You've already seen some of Python's built-in functions:

In [1]:

```
max(1, 3)
```

Out[1]:

In [2]:

```
pow(2, 4)
```

Out[2]:

You've also seen functions in math. For example:

$f(x) = 2x + 7$

This is the **definition** of $f(x)$. By itself it doesn't have a value. It just defines what it would mean to
call the function $f$ on some value.

Given a **value** for $x$, we can calculate the resulting value of $f(x)$.
$f(2)$ evaluates to 11, $f(-1$) gives 5.

In Python, in addition to using the built-in functions, we can define our own. For example, we can define a function equivalent to $f(x) = 2x + 7$:

In [3]:

```
def f(x):
return 2 * x + 7
```

In [4]:

```
f(2)
```

Out[4]:

In [5]:

```
f(-1)
```

Out[5]:

Here is the general form of a function definition:

`def`

:

- a keyword indicating a function definition

`<<function_name>>`

:

- the name of the function (use
`pothole_case`

name format)

`<<parameters>>`

:

- the parameter(s) of the function, 0 or more.
- Parameters are a comma-separated list of variables whose values will be supplied when the function is called.

`<<body>>`

:

- One or more statements, often ending with a
`return`

statement. - All body statements must be indented the same amount (usually 4 spaces).

The `return`

statement has this form:
`return «expression»`

The `return`

statement is executed as follows:

- Evaluate the expresssion. The produces a value (which has a memory address).
- Exit the function and produce that value to the caller.

Once a function has been defined, we can call on the function. A *function call* has the form:
`«function_name»(«arguments»)`

A function call is executed as follows:

- Evaluate the arguments. These produce values. Each value has a memory address.
- Assign those values to the parameters. This stores the memory addresses of the values in the parameters.
- Pause the current statement and execute the body of the function

Revisiting our earlier example, the function definition was:

def f(x): return 2 * x + 7

Answer the following questions:

- What is the name of the function?
- How many parameter(s) does the function have?
- What are the parameter(s) names?
- For function call
`f(8)`

, what is the argument? - When it is executed, what value does
`f(8)`

produce? - Consider this code:
`result = f(4)`

. After that statement is executed, what value does`result`

refer to?

When defining functions, we will follow this **Function Design Recipe**:

- Write an
**example**call (or two) of how we will use the function we plan to write. - Write the
**header**for the function. That's the`def`

line. - Write the
**type**contract -- the type for each parameter and the type of value that will be returned. - Write a
**description**of what the function does. - Finally, write the
**code**for the body of the function. - Then
**test**our function.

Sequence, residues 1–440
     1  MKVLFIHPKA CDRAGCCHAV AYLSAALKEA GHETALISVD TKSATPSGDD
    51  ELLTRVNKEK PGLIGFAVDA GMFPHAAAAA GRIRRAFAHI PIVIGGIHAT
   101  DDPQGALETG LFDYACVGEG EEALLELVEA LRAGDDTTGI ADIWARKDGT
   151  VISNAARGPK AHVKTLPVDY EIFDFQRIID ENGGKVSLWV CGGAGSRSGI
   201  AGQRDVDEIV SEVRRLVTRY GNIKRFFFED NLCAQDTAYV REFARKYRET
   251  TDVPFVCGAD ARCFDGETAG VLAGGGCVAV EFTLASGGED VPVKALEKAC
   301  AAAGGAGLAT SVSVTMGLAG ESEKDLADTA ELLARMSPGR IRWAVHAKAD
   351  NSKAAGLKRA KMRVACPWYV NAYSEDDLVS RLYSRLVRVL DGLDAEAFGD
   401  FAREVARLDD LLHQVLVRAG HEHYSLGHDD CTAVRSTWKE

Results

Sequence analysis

Let's write a function that squares a number.

Step 1: Give examples of how we will call the function:

>>> square(5) 25 >>> square(-6) 36

Of course `square`

isn't defined yet, so we can't *actually* call it. Instead just work out, what the function calls should produce.

Step 2: Write the header, which is the line that starts with `def`

. The function will have one parameter, which we named `num`

, but we could have named it `x`

, `value`

, `n`

, or even `banana`

. Of course, it is best to pick a meaningful name.

While you are at it, make the examples that you wrote be part of a triple-quoted string
inside the function (make sure to indent them 4 spaces). This triple-quoted string is called a *docstring*, which stands for documentation string.

In [6]:

```
def square(num):
"""
>>> square(5)
25
>>> square(-6)
36
"""
```

Step 3: Add a type contract. Our function takes a single parameter which is a number. It returns a number. So the type contract is (number) -> number. Let's add that to our function.

In [7]:

```
def square(num):
""" (number) -> number
>>> square(5)
25
>>> square(-6)
36
"""
```

Step 4: Write the description and it to the doctstring.

In [8]:

```
def square(num):
"""(number) -> number
Return num squared.
>>> square(5)
25
>>> my_abs(-6)
36
"""
```

Step 5: Code the body. For this step, we write the Python statements that will be executed when the function is called. We will use a `return`

statement to produce a value.

In [9]:

```
def square(num):
"""(number) -> number
Return num squared.
>>> square(5)
25
>>> my_abs(-6)
36
"""
return num * num
```

Step 6: Test our function. For now, we will do this by calling on the examples we developed in Step 1.

In [10]:

```
square(5)
```

Out[10]:

In [11]:

```
square(-6)
```

Out[11]:

Generally in Canada, people know their weight in pounds. Most of the calculations for determining dosages and other medical information, ask for a patient's weight in kilograms. Following the Function Design Recipe, write a function that will convert from pounds to kilograms. (1kg == 2.2 lbs)

You will use a tool called PCRS to complete this week's homework exercise. Login with your UTORid and solve the problem in **Phase I: [Your level] Session 1 Practice Exercise**. Our instance of PCRS is available here: https://pcrs.teach.cs.toronto.edu/C4M17